Research shows that if children start school with a strong set of attitudes and skills that help them "learn how to learn," they will be better able to take advantage of educational opportunities. While some learning skills come naturally to children, others can be developed through a supportive environment.
Tips for building learning skills:
Two-year-olds enjoy using their senses to explore the world, and can solve simple problems with the "trial and error" method. They will practice an activity many times to master it, and can complete short-term, concrete tasks. Their budding language skills and desire to learn prompt many "why," "what," and "how" questions. This year typically marks the beginning of pretend play, where two-year-olds experiment with familiar objects and situations to process their experiences.
Makes choices (e.g., food, clothes, toys, activities) based on preferences, sometimes in opposition to adult choices (e.g., child says, "No jacket. Want hat!").
Increases ability to sustain attention, especially when it directly influences an activity (e.g., repeatedly stacks blocks and knocks them down).
Completes self-chosen, short-term, concrete tasks. Practices an activity many times to gain mastery (e.g., repeatedly moves magnetic letters on and off the refrigerator).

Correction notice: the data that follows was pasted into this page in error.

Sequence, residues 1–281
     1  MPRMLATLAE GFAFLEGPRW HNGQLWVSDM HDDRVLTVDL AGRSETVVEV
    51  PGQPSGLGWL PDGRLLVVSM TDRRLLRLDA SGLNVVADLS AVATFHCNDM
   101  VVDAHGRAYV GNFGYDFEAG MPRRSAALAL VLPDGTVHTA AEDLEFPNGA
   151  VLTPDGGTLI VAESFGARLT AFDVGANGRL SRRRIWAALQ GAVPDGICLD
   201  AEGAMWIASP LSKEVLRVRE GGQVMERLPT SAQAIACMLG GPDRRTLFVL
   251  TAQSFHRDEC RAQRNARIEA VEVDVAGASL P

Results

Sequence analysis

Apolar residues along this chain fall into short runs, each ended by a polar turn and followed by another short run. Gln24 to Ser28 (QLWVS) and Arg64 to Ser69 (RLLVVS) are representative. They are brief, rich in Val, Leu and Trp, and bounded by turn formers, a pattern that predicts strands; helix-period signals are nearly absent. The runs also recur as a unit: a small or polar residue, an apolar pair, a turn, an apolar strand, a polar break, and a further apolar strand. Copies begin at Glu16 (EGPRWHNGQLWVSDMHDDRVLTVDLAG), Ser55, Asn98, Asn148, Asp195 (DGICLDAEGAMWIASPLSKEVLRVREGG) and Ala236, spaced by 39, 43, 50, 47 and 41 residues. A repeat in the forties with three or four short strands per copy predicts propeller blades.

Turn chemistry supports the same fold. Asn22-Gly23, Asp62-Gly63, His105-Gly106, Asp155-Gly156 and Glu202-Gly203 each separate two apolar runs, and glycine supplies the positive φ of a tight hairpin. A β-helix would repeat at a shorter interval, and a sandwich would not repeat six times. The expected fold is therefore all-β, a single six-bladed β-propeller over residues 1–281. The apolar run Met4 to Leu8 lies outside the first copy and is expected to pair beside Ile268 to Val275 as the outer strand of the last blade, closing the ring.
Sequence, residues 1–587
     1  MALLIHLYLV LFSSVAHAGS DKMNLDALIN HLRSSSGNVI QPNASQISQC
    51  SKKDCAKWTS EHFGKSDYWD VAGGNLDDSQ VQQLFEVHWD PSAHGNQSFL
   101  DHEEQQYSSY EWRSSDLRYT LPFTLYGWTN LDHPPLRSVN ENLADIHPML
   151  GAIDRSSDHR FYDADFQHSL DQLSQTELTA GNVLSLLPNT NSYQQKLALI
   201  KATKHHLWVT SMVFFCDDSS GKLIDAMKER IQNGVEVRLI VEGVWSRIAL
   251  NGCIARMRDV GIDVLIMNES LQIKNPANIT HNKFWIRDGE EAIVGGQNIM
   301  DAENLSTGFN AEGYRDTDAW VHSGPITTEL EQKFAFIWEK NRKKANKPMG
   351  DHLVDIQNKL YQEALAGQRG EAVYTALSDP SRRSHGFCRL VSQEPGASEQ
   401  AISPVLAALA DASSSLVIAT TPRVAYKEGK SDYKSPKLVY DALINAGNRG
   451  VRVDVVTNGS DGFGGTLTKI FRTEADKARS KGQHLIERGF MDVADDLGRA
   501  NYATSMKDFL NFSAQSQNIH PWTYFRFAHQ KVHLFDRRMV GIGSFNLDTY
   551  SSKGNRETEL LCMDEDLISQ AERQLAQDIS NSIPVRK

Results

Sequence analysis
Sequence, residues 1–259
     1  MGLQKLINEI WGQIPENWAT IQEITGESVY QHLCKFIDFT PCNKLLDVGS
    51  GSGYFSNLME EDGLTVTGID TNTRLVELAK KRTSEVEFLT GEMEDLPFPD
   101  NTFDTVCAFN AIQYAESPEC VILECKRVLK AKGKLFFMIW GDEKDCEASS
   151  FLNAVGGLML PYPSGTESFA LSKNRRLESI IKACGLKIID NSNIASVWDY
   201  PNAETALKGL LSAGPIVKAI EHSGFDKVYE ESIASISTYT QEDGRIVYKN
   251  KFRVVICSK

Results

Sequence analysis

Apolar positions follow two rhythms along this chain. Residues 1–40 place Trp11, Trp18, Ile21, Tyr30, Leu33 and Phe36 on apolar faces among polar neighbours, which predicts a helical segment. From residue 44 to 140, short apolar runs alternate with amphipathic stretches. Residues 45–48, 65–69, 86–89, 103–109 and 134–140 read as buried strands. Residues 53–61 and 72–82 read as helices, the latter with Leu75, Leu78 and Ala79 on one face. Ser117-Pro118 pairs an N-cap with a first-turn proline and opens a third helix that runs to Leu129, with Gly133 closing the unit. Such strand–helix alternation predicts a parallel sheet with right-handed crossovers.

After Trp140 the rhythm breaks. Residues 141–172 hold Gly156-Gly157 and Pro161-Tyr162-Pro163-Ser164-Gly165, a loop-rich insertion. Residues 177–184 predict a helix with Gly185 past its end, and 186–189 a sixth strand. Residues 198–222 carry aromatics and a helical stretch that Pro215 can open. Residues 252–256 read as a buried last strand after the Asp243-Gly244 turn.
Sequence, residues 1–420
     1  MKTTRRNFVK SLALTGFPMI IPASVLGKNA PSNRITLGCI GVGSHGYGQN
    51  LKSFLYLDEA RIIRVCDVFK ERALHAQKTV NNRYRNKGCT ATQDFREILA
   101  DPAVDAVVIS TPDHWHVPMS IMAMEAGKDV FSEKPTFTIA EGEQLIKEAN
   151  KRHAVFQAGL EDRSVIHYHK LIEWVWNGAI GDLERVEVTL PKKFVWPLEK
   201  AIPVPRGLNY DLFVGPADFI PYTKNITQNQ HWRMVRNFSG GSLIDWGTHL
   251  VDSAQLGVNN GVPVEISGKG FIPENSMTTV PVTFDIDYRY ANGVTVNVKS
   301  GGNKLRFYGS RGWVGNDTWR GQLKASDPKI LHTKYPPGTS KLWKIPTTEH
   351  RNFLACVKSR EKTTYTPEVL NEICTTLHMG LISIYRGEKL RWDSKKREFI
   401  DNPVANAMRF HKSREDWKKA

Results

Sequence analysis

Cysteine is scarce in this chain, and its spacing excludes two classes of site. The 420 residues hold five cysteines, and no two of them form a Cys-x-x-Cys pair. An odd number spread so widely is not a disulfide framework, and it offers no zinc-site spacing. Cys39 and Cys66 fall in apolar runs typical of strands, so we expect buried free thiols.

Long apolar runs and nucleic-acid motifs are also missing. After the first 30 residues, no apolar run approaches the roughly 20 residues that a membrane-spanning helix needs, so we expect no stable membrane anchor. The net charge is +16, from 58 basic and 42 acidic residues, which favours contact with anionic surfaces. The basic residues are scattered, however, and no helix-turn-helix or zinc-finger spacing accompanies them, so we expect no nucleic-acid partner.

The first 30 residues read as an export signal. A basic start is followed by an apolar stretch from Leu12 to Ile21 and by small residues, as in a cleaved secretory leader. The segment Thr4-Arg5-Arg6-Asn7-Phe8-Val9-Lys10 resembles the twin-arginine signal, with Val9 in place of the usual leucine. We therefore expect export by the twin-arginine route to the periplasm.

Has a growing interest in and ability to perform routine tasks independently (e.g., puts napkins on the table before dinner).
Is able to participate in a broader array of experiences (e.g., exploring outdoor playground equipment, climbing on rocks, investigating contents of kitchen cabinets, paging through books), thanks to increased physical and cognitive skills.
May ask many "why," "what," and "how" questions about a variety of sights, sounds, and experiences (e.g., asks, "Why mommy cry?").
Continues to show enthusiasm and pleasure in daily explorations. Enjoys solving simple problems (e.g., successfully puts on own hat after several tries, then happily jumps up and down).
Becomes more systematic in using language and physical approaches to solve problems, but may become stuck on one solution (e.g., tries numerous strategies for nesting a set of cups of graduated sizes, but may keep pushing harder to get a large cup to fit into a smaller one).
Continues to expand use of language to get help, but may refuse assistance even when needed (e.g., may say, "I need help!" when trying to get a little car into the garage, but then says, "Do it myself!" when help arrives).
Grows in abilities to recognize and solve problems through active exploration, including trial and error (e.g., tries to get a large pillow into a small container by turning it this way and that; eventually folds up pillow so it fits).
Engages in simple pretend play with familiar objects and situations (e.g., puts doll to bed and lays blanket over her).
Expands use of objects, art materials, and toys in new and unexpected ways (e.g., takes bath towels out of a closet and drapes them over chairs, crumples up paper in interesting shapes when pasting onto cardboard).